Click here to join my mailing list

What Is Self-Serving Bias In Behavioral Economics?

Self-serving bias is the tendency for people to attribute their successes to their own abilities and efforts, while attributing their failures to external factors. This means that people often take credit for their successes and try to deflect blame for their failures. For example, if someone does well on a test, they may attribute their success to their own intelligence and hard work, but if they do poorly on the same test, they may attribute their failure to the difficulty of the test.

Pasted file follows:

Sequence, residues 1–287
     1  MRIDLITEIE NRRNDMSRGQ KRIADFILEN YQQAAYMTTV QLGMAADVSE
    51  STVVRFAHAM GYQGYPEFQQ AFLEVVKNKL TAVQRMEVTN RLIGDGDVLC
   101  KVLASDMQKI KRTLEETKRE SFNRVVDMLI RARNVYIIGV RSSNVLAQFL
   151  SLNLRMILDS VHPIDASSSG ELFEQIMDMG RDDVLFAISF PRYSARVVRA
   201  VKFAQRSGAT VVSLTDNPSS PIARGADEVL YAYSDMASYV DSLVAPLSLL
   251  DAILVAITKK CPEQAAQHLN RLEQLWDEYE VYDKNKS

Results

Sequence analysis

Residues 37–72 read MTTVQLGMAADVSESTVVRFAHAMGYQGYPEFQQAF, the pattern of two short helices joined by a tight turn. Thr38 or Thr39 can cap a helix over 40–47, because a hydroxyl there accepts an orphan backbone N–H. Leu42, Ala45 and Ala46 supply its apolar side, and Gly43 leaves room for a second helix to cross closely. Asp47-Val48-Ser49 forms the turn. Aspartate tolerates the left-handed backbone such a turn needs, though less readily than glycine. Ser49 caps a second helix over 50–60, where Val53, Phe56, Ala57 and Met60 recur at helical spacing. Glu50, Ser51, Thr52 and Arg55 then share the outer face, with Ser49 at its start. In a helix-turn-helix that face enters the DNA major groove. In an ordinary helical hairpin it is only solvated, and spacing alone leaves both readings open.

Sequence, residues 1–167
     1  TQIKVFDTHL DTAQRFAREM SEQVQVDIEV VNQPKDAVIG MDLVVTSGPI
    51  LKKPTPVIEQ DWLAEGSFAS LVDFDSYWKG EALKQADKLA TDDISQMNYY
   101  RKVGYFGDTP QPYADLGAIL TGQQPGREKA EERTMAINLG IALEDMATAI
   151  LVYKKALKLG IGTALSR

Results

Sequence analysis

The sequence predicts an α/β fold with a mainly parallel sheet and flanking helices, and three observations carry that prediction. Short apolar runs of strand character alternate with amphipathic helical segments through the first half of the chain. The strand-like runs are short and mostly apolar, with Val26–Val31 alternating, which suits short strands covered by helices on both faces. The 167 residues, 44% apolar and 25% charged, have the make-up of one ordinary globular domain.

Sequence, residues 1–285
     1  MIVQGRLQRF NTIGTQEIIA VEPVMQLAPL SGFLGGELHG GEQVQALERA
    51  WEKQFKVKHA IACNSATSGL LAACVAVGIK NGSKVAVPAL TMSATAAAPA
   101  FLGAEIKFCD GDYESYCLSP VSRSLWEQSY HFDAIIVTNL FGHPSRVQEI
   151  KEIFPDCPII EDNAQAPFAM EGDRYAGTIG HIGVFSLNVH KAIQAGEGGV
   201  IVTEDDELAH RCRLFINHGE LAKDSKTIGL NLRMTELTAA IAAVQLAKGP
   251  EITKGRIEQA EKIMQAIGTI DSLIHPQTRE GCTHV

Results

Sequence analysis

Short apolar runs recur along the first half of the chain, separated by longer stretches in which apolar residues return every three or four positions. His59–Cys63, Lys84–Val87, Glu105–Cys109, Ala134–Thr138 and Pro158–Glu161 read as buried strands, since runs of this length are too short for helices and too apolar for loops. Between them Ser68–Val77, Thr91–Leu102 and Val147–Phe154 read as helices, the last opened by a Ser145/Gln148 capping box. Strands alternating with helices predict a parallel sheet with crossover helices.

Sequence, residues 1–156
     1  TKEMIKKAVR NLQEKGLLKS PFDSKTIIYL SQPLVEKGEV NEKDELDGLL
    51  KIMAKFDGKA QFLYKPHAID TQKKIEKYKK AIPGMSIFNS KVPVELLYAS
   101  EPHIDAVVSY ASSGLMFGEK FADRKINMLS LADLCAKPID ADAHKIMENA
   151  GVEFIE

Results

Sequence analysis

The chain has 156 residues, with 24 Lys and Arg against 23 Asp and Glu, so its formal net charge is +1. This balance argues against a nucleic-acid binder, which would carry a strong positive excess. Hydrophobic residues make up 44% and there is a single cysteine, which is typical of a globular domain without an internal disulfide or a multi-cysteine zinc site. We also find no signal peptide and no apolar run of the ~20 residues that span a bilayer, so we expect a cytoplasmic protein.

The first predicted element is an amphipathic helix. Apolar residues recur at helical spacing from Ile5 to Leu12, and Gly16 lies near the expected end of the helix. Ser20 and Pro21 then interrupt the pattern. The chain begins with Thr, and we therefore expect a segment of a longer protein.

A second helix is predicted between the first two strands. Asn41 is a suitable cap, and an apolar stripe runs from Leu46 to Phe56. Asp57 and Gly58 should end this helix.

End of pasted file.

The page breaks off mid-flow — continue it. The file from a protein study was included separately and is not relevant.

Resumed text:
Self-serving bias can have a number of negative effects, including a distorted view of one’s own abilities and performance, and a lack of accountability for one’s own actions. It can also lead to conflicts with others, as people may be less likely to accept responsibility for their mistakes and may instead blame others for their failures. To avoid self-serving bias, it is important to be aware of this bias and to try to be objective and honest when evaluating our own successes and failures.

Related Behavioral Economics Terms